By Gwynn Guilford
The number of job openings in the U.S. has climbed since the spring and is now nearly back to the levels before the coronavirus pandemic hit the labor market, a sign of continued economic improvement despite a surge in infections and fading fiscal support.
There are now 10.8 million job openings posted on online sites across the U.S., up from 6 million at the low point in May of this year, after the pandemic triggered widespread business closures and other restrictions on activity, according to data the job-search site ZipRecruiter shared with The Wall Street Journal.
The current total is less than 2% below the February average, compared with a 46% gap in May.
The return of this measure of labor-market activity to pre-pandemic levels suggests that the recovery is continuing amid numerous headwinds, said Julia Pollak, labor economist at ZipRecruiter.
“The numbers are astonishingly good given waning fiscal support, given all the terrible news on [virus] case counts,” she said. “There are all kinds of headwinds and yet the economy keeps hiring and adding jobs and recalling furloughed employees and that’s really quite encouraging.”
However, hiring will have to pick up to regain the jobs lost during the pandemic, said Ms. Pollak. And that hole is deep. The labor market had by October recouped 12.1 million of the 22 million jobs lost in March and April, according to Labor Department data.
How fast the labor market heals depends on the pace of hiring, which was strong in October. Private employers added 906,000 jobs, including in leisure and hospitality, retail, and construction. Those gains more than offset a drop in government jobs, which partly reflected the release of temporary Census bureau workers.
The U.S. economy grew at a record pace in the third quarter, recovering around two-thirds of ground lost earlier this year due to the pandemic. Consumer spending rose 1.4% in September, on a seasonally adjusted monthly basis, though the pace of increase has eased since the summer. However, while goods expenditures rose 2%, consumers increased spending on services 1.1%.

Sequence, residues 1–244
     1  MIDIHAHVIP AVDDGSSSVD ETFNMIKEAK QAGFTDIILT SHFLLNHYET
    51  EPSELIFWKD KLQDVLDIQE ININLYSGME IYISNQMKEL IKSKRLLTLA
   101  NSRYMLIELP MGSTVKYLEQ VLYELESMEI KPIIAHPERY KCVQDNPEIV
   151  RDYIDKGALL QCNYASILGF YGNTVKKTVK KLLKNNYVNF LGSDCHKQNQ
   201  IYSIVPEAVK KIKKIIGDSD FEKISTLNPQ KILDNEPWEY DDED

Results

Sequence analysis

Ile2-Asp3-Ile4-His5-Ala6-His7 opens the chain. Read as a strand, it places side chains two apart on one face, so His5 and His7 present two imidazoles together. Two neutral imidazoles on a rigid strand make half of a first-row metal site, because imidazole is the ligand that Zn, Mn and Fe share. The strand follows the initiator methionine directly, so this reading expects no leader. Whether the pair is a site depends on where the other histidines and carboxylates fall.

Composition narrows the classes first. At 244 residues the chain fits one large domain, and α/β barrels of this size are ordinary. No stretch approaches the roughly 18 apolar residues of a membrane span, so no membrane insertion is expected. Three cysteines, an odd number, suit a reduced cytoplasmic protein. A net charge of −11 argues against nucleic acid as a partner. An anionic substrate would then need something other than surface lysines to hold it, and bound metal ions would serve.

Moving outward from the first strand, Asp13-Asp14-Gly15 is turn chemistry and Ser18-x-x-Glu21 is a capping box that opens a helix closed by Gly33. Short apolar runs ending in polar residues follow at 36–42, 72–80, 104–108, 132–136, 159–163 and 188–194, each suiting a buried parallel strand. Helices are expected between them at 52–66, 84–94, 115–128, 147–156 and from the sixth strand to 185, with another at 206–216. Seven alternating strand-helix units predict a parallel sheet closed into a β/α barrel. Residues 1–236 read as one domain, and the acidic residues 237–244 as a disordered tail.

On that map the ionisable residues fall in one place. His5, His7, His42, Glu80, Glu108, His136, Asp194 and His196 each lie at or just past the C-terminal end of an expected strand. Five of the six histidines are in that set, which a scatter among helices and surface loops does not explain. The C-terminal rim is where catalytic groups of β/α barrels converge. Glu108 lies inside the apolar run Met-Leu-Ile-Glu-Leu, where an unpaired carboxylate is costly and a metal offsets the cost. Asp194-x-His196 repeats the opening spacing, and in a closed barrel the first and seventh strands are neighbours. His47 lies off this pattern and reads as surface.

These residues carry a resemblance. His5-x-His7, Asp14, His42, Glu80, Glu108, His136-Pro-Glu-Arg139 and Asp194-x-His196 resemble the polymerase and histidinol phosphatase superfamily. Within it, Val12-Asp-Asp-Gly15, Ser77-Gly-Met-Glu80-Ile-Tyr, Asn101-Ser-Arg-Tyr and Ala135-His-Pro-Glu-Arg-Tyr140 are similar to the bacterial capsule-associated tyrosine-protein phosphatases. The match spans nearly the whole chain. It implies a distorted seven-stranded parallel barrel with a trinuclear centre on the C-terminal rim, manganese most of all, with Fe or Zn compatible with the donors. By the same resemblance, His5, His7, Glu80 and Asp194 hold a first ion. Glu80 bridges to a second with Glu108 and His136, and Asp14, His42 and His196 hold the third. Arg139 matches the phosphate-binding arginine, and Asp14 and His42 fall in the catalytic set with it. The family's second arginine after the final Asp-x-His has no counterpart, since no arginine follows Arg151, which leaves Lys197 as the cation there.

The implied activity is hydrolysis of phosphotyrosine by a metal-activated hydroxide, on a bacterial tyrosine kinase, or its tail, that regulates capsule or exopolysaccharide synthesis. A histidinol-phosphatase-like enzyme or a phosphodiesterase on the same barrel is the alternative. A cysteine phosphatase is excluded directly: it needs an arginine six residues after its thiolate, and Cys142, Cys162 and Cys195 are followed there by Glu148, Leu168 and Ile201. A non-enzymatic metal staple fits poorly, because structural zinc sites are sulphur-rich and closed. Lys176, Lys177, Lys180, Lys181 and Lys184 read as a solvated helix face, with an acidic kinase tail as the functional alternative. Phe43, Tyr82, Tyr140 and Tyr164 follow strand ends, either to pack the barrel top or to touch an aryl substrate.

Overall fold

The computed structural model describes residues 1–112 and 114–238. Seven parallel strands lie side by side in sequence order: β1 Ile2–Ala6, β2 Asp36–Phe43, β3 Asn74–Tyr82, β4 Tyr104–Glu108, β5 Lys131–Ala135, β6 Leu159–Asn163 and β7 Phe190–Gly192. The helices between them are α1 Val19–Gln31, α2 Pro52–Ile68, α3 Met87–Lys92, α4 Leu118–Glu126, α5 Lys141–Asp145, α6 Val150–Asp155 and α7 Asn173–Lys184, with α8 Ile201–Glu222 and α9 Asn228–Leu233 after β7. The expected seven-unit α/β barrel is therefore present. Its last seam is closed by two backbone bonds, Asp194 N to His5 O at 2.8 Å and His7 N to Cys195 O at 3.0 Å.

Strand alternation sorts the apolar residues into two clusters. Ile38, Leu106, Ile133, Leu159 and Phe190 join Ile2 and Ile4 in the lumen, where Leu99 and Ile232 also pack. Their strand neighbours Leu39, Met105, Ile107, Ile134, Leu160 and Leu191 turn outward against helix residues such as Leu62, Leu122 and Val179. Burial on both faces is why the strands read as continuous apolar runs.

The divergence between goods and services shows up in the job-posting data too, said Nick Bunker, economist at Indeed.com, a job-search marketplace.
“Where job postings are closer to last year’s trends are those related to goods consumption. Jobs involving getting goods to retailers and wholesalers — those are actually growing at a fair clip above their trend,” said Mr. Bunker, adding that service-sector industries involving crowds or close in-person interaction have recovered little since the spring.
Employers had posted 24% more loading and stocking job ads as of the last week in October than they had during the same week of 2019, according to Indeed data. However, openings for hospitality and tourism jobs were down 44%.
The number of workers’ weekly shifts, another measure of labor demand, increased 0.8% in October from September, according to UKG, a workforce management software company. That marked the sixth month of increase, though that pace slowed from 3.3% growth in August and September.
“No indicators are going in the wrong direction, however growth definitely has slowed down,” said Dave Gilbertson, UKG vice president of strategy and operations. “We’re still at least 12 to 18 months from being in the zone of full economic recovery.”
The volume of shifts worked by hourly employees in October was down around 13% from February levels, according to UKG, which tracks activity across 30,000 U.S. businesses and 3.2 million employees. Shift work bottomed out in April at 33% of that level.
On Tuesday, the Labor Department separately released its monthly report on labor demand, showing a seasonally adjusted 6.4 million available jobs on the last business day of September. That was about the same as the number of openings at the end of August, but down from 7.1 million a year earlier.
The Job Openings and Labor Turnover Survey lags behind the more closely watched monthly jobs report and private-sector data by about a month.
The level of job openings in September was well exceeded by the 12.6 million people who were unemployed that month, according to the Labor Department. The rapid rise in coronavirus infections and the hazy outlook for fresh fiscal relief in coming months may make it harder to close that gap, said Mr. Bunker.
“A third wave seems to be picking up and there’s uncertainty around what’s happening with fiscal policy,” he said.
Write to Gwynn Guilford at firstname.lastname@example.org
(END) Dow Jones Newswires